Louise Erdrich won the Aspen Words Literary Prize for her novel The Night Watchman.

Erdrich’s novel, based on the life of her grandfather, follows a Native American man who fights against politicians who seek to dispossess his tribe. In a starred review, a critic for Kirkus called the novel “a knowing, loving evocation of people trying to survive with their personalities and traditions intact.”

Luis Alberto Urrea, one of the judges for the $35,000 prize, said, “A historical novel that is also a story of love, a familial chronicle, a book about Indigenous community and anti-tribal animus, it opens worlds incessantly. It can move from comedic visions of eccentric boxers to terrifying stories of the disappearances of Native women, hints of ghost stories and a prophetic explosion of violence inside the nation’s capital city. It is a wise and transformative masterwork.”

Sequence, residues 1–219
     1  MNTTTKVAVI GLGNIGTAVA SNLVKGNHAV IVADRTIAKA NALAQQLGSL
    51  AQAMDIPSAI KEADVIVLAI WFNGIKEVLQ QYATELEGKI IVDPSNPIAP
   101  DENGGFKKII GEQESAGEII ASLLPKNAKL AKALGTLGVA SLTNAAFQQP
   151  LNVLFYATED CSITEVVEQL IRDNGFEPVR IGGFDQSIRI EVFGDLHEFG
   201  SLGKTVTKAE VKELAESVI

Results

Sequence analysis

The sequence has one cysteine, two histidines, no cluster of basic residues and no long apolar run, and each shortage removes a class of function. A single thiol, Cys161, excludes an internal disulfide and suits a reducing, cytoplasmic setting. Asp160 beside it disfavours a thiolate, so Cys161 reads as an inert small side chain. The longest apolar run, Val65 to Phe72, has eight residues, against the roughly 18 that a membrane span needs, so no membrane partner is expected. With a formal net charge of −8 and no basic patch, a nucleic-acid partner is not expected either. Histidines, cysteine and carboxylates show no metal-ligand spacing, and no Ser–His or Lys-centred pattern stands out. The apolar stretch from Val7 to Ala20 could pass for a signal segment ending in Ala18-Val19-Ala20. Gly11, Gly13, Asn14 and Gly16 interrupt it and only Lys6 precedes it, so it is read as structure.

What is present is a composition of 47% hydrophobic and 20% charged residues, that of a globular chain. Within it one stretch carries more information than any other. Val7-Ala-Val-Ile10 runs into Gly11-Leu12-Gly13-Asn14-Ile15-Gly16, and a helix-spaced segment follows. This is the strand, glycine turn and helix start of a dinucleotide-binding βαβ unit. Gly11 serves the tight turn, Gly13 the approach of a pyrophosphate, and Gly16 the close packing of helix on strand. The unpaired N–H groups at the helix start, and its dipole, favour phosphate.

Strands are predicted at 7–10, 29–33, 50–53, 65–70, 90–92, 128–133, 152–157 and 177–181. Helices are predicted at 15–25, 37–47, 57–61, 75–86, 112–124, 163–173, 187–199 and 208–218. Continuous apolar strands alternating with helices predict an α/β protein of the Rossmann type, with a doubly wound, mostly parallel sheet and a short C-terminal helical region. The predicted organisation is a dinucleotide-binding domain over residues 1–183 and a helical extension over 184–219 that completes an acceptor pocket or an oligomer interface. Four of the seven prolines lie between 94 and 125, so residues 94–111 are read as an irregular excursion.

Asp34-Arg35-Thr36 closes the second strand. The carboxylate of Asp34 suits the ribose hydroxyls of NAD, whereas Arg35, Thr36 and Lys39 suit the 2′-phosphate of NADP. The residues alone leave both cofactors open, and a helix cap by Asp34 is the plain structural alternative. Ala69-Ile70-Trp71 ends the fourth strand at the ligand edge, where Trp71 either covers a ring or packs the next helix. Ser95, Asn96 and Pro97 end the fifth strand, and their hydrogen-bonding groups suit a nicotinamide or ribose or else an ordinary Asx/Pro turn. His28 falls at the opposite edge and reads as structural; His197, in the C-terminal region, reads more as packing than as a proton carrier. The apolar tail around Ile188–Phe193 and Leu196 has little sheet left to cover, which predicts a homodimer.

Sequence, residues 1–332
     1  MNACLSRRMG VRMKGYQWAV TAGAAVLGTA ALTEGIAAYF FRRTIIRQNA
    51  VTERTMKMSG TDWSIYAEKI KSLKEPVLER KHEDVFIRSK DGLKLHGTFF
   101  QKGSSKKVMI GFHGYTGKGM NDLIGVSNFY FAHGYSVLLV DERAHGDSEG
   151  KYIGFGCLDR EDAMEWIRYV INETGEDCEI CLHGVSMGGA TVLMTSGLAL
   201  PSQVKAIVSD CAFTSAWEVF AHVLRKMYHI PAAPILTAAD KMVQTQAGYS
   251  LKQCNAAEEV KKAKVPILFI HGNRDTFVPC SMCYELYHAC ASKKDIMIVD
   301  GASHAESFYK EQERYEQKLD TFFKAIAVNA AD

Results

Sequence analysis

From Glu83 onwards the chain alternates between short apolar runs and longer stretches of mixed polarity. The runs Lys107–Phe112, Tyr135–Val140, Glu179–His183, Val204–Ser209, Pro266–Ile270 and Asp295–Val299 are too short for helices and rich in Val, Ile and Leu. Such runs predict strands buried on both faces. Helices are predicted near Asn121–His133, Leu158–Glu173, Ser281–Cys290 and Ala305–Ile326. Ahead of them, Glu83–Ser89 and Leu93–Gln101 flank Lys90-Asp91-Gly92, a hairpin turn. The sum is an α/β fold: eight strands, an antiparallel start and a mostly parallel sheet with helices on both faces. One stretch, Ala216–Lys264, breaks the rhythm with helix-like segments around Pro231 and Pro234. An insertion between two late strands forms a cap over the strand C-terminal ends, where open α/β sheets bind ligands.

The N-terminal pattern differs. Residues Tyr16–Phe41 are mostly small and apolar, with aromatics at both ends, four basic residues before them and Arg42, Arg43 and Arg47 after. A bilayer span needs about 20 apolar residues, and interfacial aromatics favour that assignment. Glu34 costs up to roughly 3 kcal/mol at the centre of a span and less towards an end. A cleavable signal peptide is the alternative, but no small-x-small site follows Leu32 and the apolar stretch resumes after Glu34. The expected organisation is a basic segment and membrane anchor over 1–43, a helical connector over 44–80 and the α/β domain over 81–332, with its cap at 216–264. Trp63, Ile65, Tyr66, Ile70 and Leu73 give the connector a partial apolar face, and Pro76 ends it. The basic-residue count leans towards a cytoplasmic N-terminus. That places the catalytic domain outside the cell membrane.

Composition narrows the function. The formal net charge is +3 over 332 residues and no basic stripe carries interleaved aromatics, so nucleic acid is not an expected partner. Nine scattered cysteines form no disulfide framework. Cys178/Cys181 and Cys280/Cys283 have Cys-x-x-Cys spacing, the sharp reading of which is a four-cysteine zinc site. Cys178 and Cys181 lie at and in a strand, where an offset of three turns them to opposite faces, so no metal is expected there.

Accepting the award at an online ceremony, Erdrich dedicated the prize to her grandfather, an Ojibwe speaker, and said, “This particular award will go to assist in the revitalization of the Ojibwe language.”

The Aspen prize is given each year to “a work of fiction that illuminates a vital contemporary issue and demonstrates the transformative power of literature on thought and culture.” Previous winners have included Mohsin Hamid for Exit West, Tayari Jones for An American Marriage, and Christy Lefteri for The Beekeeper of Aleppo.

Michael Schaub is a Texas-based journalist and regular contributor to NPR.